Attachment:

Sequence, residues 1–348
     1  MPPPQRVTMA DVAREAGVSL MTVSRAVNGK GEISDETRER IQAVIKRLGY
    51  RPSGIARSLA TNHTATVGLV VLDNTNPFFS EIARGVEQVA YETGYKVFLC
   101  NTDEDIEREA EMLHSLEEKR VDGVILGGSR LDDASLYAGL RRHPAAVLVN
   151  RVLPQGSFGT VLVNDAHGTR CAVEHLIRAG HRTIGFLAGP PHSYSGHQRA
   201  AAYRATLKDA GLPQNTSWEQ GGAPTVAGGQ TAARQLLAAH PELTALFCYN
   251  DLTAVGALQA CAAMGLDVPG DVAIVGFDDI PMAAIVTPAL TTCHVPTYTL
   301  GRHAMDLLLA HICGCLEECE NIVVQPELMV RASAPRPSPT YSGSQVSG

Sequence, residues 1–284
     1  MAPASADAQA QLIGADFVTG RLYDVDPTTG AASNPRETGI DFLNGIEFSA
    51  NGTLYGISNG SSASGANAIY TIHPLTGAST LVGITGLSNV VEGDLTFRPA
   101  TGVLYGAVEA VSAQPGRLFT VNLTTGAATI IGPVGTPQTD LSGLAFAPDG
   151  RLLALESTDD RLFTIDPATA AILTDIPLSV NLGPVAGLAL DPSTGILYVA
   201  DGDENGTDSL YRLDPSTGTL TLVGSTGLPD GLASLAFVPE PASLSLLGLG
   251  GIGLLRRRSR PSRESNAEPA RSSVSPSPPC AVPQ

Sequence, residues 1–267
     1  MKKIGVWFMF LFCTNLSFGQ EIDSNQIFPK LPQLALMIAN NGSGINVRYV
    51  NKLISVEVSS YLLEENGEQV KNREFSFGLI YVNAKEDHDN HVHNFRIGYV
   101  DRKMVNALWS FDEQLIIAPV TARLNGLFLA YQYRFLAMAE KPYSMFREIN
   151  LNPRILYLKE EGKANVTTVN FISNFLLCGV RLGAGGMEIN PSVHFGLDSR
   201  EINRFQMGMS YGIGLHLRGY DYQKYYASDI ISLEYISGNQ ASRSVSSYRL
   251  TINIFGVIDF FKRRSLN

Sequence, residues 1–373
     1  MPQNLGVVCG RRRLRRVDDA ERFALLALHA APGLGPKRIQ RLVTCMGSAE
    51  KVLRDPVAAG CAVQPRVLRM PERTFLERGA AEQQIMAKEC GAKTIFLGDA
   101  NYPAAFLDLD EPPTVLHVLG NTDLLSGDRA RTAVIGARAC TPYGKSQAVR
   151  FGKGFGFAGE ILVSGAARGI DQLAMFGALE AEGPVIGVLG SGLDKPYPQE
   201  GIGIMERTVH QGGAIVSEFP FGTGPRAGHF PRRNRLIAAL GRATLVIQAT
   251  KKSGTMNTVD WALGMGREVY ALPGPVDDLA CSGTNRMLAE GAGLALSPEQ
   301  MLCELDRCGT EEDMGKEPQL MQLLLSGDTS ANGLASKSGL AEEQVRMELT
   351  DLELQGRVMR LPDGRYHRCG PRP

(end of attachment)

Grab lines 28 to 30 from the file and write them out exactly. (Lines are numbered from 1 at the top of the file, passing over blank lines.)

   201  GIGIMERTVH QGGAIVSEFP FGTGPRAGHF PRRNRLIAAL GRATLVIQAT
   251  KKSGTMNTVD WALGMGREVY ALPGPVDDLA CSGTNRMLAE GAGLALSPEQ
   301  MLCELDRCGT EEDMGKEPQL MQLLLSGDTS ANGLASKSGL AEEQVRMELT